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Active Contributor

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Natural Frequency For Torsional Vibration

03/05/2017 3:35 PM

Hi All:

I am trying to calculate natural frequency for torsional vibration of fixed fixed beam using following formula in US system.

=1/2*3.142 sqrt(K*g/mr^2) hz

Where K=J*G/L

and G=Modulus of rigidity

g=acceleration due to gravity=386.4 in/se2

m=mass hanging on the beam at distance 'r' from the longitudenal axis

My question is how does the equation above (if its right) is affected if I change the beam from fixed fixed to fixed -free.

thanks

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Guru

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#1

Re: natural frequency for torsional vibration

03/05/2017 4:15 PM
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#3
In reply to #1

Re: natural frequency for torsional vibration

03/05/2017 4:35 PM

Hi thanks for the reply. But the website you pointed has equation for torsional vibration of shaft for cantiliver only. What about ifs its fixed fixed or simple -fixed for torsion (not bending which website has equations)

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Guru

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#6
In reply to #3

Re: natural frequency for torsional vibration

03/05/2017 5:02 PM
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Guru

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#2

Re: natural frequency for torsional vibration

03/05/2017 4:30 PM

Right off the top of my head, I would say that going from fixed-fixed to fixed-free would halve the restoring force so the frequency would be reduced to a factor 1/sqrt(2) or about 0.707.

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#4
In reply to #2

Re: natural frequency for torsional vibration

03/05/2017 4:41 PM

Hi:

I am not getting how it will reduce by .707, because per my equation stiffness, K

K=J*G/L and this does not change based on support system (fixed-fixed pt fixed -free).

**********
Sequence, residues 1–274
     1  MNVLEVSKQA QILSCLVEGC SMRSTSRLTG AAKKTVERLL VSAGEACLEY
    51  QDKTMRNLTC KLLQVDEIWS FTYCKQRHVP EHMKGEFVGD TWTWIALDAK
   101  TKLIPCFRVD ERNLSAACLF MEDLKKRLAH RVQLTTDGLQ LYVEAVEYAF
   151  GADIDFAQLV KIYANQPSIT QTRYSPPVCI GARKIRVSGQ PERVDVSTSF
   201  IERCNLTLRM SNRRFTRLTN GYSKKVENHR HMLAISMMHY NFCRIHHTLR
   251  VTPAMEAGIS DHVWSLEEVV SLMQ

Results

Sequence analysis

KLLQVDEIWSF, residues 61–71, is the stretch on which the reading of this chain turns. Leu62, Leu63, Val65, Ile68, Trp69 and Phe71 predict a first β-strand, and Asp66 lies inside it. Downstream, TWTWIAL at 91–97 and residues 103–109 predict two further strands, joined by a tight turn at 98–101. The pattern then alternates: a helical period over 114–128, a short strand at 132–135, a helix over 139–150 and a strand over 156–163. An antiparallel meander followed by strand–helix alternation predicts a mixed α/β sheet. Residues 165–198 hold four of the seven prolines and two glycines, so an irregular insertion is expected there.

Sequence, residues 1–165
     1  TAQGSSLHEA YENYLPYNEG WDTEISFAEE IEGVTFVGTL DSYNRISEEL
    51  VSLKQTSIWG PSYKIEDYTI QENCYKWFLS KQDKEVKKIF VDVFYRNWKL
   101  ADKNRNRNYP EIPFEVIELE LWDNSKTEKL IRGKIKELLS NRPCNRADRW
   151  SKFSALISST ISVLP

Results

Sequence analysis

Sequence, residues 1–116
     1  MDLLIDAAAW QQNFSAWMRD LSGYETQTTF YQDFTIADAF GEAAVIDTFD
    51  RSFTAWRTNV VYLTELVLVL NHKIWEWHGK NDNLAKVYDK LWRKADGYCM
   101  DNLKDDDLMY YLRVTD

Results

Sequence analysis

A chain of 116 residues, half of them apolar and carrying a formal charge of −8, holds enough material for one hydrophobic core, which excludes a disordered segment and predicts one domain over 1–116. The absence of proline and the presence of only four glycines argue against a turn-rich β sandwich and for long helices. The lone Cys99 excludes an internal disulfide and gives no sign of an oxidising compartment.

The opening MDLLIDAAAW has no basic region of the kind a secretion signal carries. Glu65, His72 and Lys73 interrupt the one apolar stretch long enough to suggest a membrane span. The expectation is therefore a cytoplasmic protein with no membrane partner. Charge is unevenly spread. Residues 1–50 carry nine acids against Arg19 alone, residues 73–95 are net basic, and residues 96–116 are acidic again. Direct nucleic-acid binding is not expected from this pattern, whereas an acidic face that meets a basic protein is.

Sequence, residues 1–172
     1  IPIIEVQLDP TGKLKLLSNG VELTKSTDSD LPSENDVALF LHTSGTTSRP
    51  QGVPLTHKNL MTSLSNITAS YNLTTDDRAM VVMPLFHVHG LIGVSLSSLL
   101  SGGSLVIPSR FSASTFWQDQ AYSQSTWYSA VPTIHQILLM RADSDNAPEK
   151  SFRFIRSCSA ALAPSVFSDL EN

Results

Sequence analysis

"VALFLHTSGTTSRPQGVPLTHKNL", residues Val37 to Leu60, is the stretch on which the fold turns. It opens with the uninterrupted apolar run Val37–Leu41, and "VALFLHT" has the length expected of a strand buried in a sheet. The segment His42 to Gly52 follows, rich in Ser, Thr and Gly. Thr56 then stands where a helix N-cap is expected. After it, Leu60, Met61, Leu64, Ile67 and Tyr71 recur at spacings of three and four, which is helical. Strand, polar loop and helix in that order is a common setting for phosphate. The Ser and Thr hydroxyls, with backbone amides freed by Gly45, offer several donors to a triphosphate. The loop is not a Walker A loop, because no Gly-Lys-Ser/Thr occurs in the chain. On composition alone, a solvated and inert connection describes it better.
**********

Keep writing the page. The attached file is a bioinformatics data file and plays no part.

thanks

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#7
In reply to #4

Re: natural frequency for torsional vibration

03/05/2017 10:21 PM

My thought was if both ends were clamped, that the stiffness would be twice as much as if one end were clamped and the other free. The stiffness constant, K, is under the square root in the formula for frequency, which is where the sqrt(1/2) = .707 came from.

Maybe another way of looking at it is that a beam clamped at one end would be equivalent to a beam twice as long clamped at both ends.

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Guru

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#5

Re: natural frequency for torsional vibration

03/05/2017 4:47 PM

This might help:

http://www.sciencedirect.com/science/article/pii/S0038080614001310

Table 1.

Effects of rotator (ψR) and torsional (ψT) inertias on frequency parameter Ωi of beams with different end constraints.

End constraintSwitch parameter
Frequency parameter

Ωi a and b


ψR

ψT

i=1

i=2

i=3

i=4

i=5

Free–free000.64230.65140.9098
100.64230.64550.8924
11

0.5774

0.64230.64550.8924

1.6317

Free–hinged000.64550.78391.5254
100.64470.77551.4885
110.64470.7755

0.9569

1.4885

2.3608

Free–clamped000.65320.90271.8175
100.65190.89151.7716
110.65190.8915

0.9569

1.7716

2.3608

Hinged–hinged000.70721.27382.4296
100.70441.25662.3695
110.70441.2566

1.6317

2.3695

3.1063

Hinged–clamped000.78391.52542.8086
100.78041.50402.7398
110.78041.5040

1.6317

2.7398

3.1063

Clamped–clamped000.90981.81663.2192
100.90571.79083.1427
110.9057

1.6317

1.7908

3.1063

3.1427

a

Results for a=0.2, t=0.1, s=0.43, Kw=500 and Ks=0.5.


b

Bold letters indicate the frequency parameters of beams vibrating in torsional mode.

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